Article
Background: : The treatment of psoriasis has been revolutionized after the advent of biologics. However, focal resistant plaques are still common which may impose a significant impact on quality-of-life. Research design and methods: : We compared the relative efficacy of different biologics and tofacitinib in different body areas in Asian patients with psoriasis. We retrospectively included the clinical data of 177 patients (228 treatment courses) with moderate-to-severe psoriasis in 10 biologic or tofacitinib trials conducted between 2004 and 2019. Pooled data was analyzed at week 12-16 and week 44-52 respectively for total and four regional PASI 75, 90, and 100 responses. Results: : The result showed that secukinumab, ixekizumab, guselkumab and risankizumab had more favorable efficacy, followed by adalimumab, ustekinumab, and tofacitinib, while etanercept showed the least efficacy. The regional PASI response peaked early in the head area with subsequent decline while the lower extremities improved slowly. At week 52, the head-and-neck and lower extremities were less likely to achieve PASI responses compared to the trunk and upper extremities. Conclusions: : The treatment responses of different body regions of biologics and tofacitinib were in line with the overall response. However, the head region responds fast but total clearance at 52 weeks was similarly lower as the leg region. More subjects and prospective studies may be required to compare the efficacy of different biologics in different body regions.
Article
Psoriatic arthritis is a chronic inflammatory autoimmune disease with varied manifestations, including functional limitation and reduced quality of life. Improved understanding of the immunopathogenesis of psoriatic arthritis, particularly the role of the interleukin-23 and interleukin-17 axis, has led to the development of therapeutic targets to alter the natural history of the condition. In this article, we review the role of monoclonal antibodies targeting the p19 subunit of interleukin-23 in the treatment of psoriatic arthritis.
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The IL-17 signalling pathway is a major target in treatment of plaque psoriasis. IL-17 signalling contributes to chronic inflammation and epidermal hyperplasia seen in psoriatic lesions. Blocking the IL-17 signalling cascade is an effective method in treating this disease. However, IL-17 also plays a role in the immunological protection against fungal infections and therefore, patients on IL-17 biologics experience an increased rate of fungal infections, specifically Candida albicans. It is prudent that patients and physicians are aware of this risk and understand how to recognize and manage Candida infections. In this review, we examine the Candida infection rates associated with IL-17 biologics, both in clinical trials and real-world practice. We discuss common presentations associated with various types of candidiasis and propose a recommended management approach to treating these infections.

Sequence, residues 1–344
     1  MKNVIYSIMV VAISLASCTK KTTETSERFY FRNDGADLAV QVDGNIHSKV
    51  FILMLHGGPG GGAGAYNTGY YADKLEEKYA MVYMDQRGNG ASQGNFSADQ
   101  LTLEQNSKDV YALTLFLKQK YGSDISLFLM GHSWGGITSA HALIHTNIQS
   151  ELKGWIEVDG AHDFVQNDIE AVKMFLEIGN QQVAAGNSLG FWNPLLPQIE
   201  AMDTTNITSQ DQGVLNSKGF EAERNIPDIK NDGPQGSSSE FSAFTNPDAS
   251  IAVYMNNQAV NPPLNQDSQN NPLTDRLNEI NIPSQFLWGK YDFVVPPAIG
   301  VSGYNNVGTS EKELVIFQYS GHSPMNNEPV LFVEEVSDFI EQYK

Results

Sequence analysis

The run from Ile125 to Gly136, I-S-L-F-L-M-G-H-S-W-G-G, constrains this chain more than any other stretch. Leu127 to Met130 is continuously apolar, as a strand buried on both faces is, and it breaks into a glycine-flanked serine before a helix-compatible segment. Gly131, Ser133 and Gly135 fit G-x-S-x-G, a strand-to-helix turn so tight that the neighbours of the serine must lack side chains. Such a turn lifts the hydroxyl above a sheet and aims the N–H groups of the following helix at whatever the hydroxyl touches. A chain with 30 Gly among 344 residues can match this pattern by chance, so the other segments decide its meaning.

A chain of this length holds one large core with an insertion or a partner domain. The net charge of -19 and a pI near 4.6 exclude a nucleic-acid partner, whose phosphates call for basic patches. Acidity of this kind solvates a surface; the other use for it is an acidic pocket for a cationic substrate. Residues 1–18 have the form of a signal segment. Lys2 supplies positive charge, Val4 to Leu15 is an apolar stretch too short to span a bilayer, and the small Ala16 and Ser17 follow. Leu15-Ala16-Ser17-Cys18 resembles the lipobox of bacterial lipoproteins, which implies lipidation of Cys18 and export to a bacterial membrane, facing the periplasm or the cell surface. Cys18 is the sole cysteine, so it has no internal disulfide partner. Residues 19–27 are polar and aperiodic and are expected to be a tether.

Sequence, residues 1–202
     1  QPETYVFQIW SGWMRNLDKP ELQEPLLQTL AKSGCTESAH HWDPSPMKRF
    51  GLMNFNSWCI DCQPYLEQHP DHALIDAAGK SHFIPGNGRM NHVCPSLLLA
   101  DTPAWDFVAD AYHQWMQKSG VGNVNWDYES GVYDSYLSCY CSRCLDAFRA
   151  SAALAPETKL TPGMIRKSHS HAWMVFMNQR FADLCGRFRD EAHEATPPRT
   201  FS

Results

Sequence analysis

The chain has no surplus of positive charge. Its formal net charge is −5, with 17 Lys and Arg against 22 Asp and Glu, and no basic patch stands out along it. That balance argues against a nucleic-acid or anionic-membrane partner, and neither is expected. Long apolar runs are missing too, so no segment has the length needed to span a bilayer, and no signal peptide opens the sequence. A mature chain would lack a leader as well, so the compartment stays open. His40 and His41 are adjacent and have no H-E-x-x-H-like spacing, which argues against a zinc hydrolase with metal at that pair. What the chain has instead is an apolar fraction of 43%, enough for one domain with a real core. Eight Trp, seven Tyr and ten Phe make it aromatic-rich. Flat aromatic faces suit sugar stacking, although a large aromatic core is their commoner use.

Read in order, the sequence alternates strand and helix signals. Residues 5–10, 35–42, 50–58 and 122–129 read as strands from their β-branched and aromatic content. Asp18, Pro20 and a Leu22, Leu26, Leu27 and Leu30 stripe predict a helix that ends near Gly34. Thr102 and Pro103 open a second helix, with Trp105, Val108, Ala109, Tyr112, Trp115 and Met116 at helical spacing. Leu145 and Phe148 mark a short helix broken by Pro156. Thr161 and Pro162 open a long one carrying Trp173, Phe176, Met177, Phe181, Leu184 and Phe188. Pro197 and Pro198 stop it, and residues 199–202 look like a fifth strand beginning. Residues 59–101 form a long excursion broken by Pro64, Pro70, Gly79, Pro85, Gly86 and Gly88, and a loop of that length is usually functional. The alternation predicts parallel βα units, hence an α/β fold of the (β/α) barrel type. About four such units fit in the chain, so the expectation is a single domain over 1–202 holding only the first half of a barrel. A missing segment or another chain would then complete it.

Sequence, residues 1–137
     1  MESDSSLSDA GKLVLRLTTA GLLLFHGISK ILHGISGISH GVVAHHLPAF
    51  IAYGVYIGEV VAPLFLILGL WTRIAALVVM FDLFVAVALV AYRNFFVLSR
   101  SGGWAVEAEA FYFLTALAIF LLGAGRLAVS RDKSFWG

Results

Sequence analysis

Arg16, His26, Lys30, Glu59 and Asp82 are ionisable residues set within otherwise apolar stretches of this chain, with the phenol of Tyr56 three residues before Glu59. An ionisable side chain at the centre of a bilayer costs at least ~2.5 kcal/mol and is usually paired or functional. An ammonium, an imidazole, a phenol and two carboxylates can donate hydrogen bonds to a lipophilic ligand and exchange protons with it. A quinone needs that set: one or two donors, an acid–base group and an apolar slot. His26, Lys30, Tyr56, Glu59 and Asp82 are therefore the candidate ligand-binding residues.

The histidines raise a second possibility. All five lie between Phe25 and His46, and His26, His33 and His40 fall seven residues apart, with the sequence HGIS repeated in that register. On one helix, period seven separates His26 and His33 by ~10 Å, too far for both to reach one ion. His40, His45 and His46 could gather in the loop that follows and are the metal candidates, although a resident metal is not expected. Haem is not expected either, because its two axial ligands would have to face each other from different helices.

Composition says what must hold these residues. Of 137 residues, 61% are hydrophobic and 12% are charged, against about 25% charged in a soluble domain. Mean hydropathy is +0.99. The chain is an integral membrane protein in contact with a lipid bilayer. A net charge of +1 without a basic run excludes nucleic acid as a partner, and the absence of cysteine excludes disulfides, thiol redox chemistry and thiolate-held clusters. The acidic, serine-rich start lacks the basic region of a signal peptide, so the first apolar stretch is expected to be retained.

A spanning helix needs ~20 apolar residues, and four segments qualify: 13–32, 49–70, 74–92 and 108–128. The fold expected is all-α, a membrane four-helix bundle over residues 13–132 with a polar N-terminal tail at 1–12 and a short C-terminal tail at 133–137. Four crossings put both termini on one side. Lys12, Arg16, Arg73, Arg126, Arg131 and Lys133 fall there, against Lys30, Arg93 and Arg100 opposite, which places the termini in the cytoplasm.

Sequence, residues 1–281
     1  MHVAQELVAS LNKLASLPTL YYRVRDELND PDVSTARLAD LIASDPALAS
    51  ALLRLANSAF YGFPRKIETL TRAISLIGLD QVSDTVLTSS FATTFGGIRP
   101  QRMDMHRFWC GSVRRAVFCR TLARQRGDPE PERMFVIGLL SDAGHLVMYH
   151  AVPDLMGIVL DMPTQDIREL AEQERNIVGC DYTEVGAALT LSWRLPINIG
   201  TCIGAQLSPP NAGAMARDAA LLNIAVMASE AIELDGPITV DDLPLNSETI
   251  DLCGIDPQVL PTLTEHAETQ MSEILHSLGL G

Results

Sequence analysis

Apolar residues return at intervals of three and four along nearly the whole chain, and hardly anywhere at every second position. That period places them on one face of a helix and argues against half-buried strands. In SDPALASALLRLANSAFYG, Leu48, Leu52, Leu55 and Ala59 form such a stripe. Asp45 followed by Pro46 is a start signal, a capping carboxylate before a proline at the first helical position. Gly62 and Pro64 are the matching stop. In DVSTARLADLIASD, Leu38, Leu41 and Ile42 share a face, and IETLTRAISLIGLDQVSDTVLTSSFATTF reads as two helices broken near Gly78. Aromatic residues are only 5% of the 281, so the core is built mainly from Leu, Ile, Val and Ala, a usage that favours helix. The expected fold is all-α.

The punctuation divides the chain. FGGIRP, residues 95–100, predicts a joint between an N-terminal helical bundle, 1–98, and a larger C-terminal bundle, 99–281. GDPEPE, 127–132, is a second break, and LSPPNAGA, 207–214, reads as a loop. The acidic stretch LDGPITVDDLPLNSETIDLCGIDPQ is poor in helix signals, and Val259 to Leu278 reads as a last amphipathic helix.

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Background: Janus kinase (JAK) inhibitors and secukinumab have been demonstrated to be effective treatments for ankylosing spondylitis (AS). However, there have been no head-to-head trials comparing the effectiveness and safety characteristics of JAK inhibitors with secukinumab. This study aimed to evaluate the relative effectiveness and safety of JAK inhibitors and secukinumab in patients with active AS. Summary: A Bayesian network meta-analysis was conducted using direct and indirect data from randomized controlled trials (RCTs) that examined the efficacy and safety of tofacitinib 5 mg, upadacitinib 15 mg, filgotinib 200 mg, and secukinumab 150 mg in patients with active AS who had a poor response or intolerance to nonsteroidal anti-inflammatory drugs (NSAIDs) and were tumor necrosis factor (TNF) inhibitor-naïve. Data from six RCTs comprising 937 patients were analyzed. The Assessment of SpondyloArthritis International Society 20 (ASAS20) response rates were significantly higher in the JAK inhibitors and secukinumab groups than in the placebo group. The surface under the cumulative ranking curve (SUCRA)-based ranking probability based on the ASAS20 response rate suggested that tofacitinib 5 mg had the highest likelihood of being the best treatment for achieving the ASAS20 response rate, followed by filgotinib 200 mg, upadacitinib 15 mg, secukinumab 150 mg, and placebo. The SUCRA-based ranking probability based on the ASAS20 response rate suggested that tofacitinib 5 mg had the highest likelihood of being the best treatment for achieving the ASAS40 response rate, followed by upadacitinib 15 mg, secukinumab 150 mg, filgotinib 200 mg, and placebo. Key messages: Tofacitinib 5 mg was the most effective treatment for AS, whereas JAK inhibitors and secukinumab 150 mg were effective treatments in patients with active AS who had a poor response or intolerance to NSAIDs and were TNF inhibitor-naïve.